Monday, July 23, 2012

Tree-planting's great; but look at big picture, too

Davis Cable, former head of the Catawba Lands Conservancy, just gave an intriguing presentation to the Charlotte City Council, about a new initiative to try to plant 50,000 trees across the city, to help the city with its adopted goal of having 50 percent of the city land under a canopy of trees by 2050. The city canopy now is about 46 percent. If the city is built out according to current zoning, the canopy will shrink to 45 percent.

It's a public-private venture - not a new nonprofit being formed but an initiative called Tree Charlotte, Cable explained. The Foundation for the Carolinas has given $20,000; so has the John S. and James L. Knight Foundation. The idea: Get the community involved and engaged in planting trees.

It's probably the best warm-fuzzy idea I've heard emerge from this windowless chamber in the government center in ages. Who could be against this idea?

But as I analyze why Charlotte has lost so much of its canopy, one inescapable conclusion is that a huge amount of the loss has to do with new development, mostly in the suburbs. Duh, right? But think about how much of any new retail development is that huge surface parking lot. Yes, the city requires trees sprinkled through it, but it's not the same as the woods that had to get cleared to build it. If we could drive less, we could save a lot of trees.


And what about subdivisions that spring up with no rezoning needed, because all the undeveloped land in the city got automatically zoned for subdivisions (or more intense development) about 30 years ago? There is no zoning for farms or woods or protected areas. Most subdivisions are virtually clearcut. To be sure, the city has a new tree ordinance that requires new developments to save small amounts of trees on the site. That's better than nothing. Still ...

And all that new commercial development that serves those new subdivisions means new or expanded roads, which mow down trees. (And I do mean roads in this instance, not city streets, which of course should all have street trees.) Streets, parking lots and rooftops mean more stormwater runoff, which requires big pipes and stream "restoration" projects that take out even more trees.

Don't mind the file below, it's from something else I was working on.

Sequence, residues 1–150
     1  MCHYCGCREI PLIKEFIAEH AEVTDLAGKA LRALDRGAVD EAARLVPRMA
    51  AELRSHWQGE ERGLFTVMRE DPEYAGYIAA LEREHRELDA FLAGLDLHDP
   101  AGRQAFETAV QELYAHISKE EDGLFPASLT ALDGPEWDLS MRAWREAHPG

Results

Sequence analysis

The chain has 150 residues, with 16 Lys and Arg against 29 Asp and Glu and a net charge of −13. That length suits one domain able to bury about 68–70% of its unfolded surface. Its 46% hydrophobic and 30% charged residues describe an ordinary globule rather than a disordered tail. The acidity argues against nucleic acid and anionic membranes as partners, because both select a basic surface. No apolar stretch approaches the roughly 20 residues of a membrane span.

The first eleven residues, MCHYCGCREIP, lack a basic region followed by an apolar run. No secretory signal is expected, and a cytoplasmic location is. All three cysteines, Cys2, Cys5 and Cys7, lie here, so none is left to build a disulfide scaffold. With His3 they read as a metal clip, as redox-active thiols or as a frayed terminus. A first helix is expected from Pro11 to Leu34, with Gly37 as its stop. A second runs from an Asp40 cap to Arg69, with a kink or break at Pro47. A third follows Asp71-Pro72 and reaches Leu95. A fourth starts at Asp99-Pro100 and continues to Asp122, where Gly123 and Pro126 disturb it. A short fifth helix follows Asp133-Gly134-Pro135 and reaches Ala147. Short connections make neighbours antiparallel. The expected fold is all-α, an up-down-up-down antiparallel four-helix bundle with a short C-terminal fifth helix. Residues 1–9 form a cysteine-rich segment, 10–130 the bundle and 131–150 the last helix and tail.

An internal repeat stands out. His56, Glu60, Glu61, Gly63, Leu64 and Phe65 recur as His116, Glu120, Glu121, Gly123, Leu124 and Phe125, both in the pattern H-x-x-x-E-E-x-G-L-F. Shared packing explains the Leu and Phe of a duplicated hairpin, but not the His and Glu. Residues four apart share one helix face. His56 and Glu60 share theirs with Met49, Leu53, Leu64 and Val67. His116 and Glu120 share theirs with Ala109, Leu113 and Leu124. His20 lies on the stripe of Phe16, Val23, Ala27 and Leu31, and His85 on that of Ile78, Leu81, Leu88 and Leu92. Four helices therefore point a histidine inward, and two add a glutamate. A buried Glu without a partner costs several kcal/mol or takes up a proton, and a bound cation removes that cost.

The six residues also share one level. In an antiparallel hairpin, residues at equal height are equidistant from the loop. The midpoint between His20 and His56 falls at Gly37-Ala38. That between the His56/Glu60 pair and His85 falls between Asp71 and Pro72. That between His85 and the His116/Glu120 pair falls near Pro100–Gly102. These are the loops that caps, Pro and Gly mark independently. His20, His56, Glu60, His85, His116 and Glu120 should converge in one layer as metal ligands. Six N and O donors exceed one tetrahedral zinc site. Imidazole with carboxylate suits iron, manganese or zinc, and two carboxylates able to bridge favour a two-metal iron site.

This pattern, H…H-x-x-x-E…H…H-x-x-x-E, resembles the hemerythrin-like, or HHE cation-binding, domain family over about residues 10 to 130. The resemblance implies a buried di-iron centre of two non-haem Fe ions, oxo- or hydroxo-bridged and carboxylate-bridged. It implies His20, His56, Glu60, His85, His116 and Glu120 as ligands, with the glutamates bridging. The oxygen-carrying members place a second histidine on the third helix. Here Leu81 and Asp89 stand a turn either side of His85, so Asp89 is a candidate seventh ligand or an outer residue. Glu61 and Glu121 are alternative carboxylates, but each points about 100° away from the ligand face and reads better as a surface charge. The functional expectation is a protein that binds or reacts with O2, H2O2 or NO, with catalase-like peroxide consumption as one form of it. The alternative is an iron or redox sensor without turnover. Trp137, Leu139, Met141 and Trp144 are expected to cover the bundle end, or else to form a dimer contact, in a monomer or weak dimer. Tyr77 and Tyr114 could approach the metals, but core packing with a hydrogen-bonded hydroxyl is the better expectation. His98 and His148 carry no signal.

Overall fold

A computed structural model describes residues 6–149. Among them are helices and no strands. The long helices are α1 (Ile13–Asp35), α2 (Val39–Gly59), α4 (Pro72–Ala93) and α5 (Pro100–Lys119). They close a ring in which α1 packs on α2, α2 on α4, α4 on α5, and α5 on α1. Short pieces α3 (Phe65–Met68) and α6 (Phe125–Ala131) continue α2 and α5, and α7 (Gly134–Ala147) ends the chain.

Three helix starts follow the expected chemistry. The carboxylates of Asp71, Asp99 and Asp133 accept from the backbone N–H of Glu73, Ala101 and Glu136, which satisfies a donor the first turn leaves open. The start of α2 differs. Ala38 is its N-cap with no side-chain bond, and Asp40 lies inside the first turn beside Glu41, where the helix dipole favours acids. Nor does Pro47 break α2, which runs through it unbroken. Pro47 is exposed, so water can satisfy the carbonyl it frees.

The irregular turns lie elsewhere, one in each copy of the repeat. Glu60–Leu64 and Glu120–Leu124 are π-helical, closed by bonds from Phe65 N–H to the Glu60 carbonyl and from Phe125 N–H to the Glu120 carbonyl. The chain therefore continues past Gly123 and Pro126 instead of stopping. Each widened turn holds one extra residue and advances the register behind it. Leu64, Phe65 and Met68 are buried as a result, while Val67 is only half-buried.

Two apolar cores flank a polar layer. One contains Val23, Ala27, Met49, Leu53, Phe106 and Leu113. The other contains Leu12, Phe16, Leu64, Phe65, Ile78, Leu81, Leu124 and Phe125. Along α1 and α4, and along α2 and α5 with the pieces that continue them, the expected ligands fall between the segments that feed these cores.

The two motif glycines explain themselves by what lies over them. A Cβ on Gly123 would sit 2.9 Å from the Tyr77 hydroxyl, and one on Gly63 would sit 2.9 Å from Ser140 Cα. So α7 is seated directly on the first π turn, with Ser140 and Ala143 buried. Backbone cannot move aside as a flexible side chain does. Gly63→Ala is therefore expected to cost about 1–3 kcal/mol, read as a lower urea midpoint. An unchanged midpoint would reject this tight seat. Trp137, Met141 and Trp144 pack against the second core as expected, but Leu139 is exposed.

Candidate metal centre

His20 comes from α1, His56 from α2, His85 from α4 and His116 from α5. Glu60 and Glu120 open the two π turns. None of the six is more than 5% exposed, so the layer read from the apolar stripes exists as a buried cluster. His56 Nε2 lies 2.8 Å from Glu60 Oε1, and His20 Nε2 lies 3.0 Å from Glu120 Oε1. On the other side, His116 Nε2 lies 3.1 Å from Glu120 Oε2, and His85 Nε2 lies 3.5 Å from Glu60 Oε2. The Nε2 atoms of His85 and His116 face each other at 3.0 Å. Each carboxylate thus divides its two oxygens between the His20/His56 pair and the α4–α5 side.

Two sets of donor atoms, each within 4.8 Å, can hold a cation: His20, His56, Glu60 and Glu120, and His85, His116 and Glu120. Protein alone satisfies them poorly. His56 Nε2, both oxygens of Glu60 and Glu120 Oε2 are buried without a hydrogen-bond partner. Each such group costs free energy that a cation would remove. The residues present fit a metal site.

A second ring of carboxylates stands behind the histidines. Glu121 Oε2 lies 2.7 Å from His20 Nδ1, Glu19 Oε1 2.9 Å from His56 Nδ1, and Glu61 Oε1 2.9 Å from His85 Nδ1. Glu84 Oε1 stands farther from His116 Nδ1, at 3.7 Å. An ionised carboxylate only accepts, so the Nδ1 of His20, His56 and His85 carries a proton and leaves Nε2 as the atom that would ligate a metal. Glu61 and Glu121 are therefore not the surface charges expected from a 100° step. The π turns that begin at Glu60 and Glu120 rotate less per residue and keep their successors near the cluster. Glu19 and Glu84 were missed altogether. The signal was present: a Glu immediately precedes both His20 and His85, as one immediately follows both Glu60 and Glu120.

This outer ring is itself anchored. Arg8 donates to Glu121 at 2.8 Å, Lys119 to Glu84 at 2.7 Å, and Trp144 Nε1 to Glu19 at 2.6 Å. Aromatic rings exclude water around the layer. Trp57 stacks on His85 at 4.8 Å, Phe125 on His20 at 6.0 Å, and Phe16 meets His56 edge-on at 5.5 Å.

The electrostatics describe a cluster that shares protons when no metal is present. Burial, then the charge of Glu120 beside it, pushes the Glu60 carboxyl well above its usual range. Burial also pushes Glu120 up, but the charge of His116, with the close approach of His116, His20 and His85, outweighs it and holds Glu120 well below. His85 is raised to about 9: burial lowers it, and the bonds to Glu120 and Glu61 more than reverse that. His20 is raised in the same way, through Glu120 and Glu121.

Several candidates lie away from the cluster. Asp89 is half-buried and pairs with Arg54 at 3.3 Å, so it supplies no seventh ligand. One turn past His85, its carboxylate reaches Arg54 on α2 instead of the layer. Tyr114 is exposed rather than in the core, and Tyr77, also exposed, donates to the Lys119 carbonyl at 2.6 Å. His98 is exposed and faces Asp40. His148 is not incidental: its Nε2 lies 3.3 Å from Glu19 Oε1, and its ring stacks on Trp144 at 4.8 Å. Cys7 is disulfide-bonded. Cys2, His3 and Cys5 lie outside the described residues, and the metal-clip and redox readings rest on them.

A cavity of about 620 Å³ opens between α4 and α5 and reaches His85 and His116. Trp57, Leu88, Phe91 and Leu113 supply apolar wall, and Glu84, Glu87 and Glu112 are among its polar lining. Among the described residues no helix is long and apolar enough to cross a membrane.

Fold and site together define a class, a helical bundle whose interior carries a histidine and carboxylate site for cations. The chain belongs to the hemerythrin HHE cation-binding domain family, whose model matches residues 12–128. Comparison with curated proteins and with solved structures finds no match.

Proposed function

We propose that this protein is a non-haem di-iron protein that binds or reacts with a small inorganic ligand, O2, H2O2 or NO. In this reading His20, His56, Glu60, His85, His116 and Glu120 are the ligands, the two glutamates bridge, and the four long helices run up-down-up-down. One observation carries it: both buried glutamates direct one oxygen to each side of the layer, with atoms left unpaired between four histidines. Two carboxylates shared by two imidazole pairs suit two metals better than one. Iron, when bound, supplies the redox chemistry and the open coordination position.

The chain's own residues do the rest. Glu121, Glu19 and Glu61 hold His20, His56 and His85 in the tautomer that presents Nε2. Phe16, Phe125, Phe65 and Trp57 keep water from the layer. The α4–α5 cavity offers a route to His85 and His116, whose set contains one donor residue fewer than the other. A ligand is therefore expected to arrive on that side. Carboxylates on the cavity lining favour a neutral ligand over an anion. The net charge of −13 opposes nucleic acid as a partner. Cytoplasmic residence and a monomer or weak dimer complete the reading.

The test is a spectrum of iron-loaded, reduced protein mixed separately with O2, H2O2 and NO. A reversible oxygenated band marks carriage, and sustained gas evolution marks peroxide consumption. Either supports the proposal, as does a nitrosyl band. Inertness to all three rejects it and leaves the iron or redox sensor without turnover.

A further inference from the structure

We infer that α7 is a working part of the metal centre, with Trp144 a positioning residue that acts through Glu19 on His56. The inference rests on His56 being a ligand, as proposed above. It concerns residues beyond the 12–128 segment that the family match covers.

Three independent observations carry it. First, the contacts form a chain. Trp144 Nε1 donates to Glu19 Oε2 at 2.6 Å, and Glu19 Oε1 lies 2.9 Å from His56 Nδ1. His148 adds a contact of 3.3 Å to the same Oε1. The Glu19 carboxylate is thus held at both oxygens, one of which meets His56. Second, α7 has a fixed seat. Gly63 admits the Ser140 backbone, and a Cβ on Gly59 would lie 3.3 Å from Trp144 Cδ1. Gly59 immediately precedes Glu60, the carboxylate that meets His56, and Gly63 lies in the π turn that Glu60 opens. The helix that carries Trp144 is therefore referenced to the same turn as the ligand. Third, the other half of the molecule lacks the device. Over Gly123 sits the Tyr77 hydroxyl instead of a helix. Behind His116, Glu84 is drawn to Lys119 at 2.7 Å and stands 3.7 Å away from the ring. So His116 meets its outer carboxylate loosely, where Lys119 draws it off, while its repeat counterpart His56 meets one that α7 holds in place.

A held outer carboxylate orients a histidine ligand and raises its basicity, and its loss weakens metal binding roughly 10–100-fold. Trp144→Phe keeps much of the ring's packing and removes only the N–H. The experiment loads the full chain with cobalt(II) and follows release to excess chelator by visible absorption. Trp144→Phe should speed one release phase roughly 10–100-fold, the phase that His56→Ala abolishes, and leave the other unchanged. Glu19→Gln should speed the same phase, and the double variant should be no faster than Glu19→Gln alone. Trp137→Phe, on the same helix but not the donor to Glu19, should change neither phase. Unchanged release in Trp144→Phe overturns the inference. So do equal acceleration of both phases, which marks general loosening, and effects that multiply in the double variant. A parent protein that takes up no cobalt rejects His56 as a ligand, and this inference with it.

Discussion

In short, more city-style development – with multi-story buildings close to each other, so you can easily walk to places you need to go, with parking decks instead of surface lots, and a vastly improved transit system – would result in a lot more trees saved on the edge of the city, as many of those  suburban developments wouldn't be getting built.

Meanwhile, if multiple developers are to be believed – and I think they're probably not making this up – redeveloping inside more urban-style areas is really, really tough, and made harder by some well-intentioned but bizarrely enforced zoning and inspection standards.

As Cable made his presentation to a receptive City Council, here's what I was sending out via Twitter: 

Good presentation to #cltcc [Twitter-speak for Charlotte City Council] on Charlotte tree canopy. Push on to plant more trees, says Dave Cable. But much is going unsaid ... (cont)

Cont. ... Re tree canopy: Shouldn't city look at its devt rules that allow/encourage major spread into undeveloped (treed) areas? 

Good pix of a Peachtree Hills retrofit plan, adding back trees in clearcut subdivision. Worthy effort. BUT ... it's after-the-fact.

Yes, plant trees. Also save em: Build city streets, not huge ROW-sucking highways. End auto-pilot OK for subdivisions on city fringe.
AND, to encourage more tight, urban-style infill stop requiring suburban-style "buffers" and berms in urban areas.

I applaud the tree-planting effort. It's a good idea and will help.
But it's the rules of development that shape how the city grows. If Charlotte wants to be a place that isn't always trying to catch up to its tree loss by planting thousands of new trees, shouldn't it take a holistic look at what sort of development the city is allowing, and where?

4 comments:

Audrey said...

Amen, Mary, Amen. As someone who lives out in the suburbs, I'd love nothing more than some alternatives to driving everywhere. And safely. I can't be the only one....

Anonymous said...

Charlotte needs an urban growth boundary. A large part of significant tree canopy for Mecklenburg County is in the "Catawba Area".

See how Portland uses this as a tool...
http://www.oregonmetro.gov/index.cfm/go/by.web/id=277

Janelle said...

Doing survey work all around the county, it saddens me to see small 'clumps' of trees left by developers, where huge forests used to be.
Back in the 70's, I attended Home Builders Assoc. meetings when their main objective was to get clear cutting approved; they did....and of course, we are stuck with the results!

Anonymous said...

Let's remember that tree canopy goal initiatives are still a new concept. Numerous cities across the country have created these programs (NYC, BOSTON, LA) and are using various methods to maintain and improve canopy cover.

We'll see how it works, there's a lot to take on....you gotta monitor how many trees are lost and then plant 'em back. Oh, yeah...and community support/stewardship is neeeded, and last but not least a BOATLOAD OF $$$.

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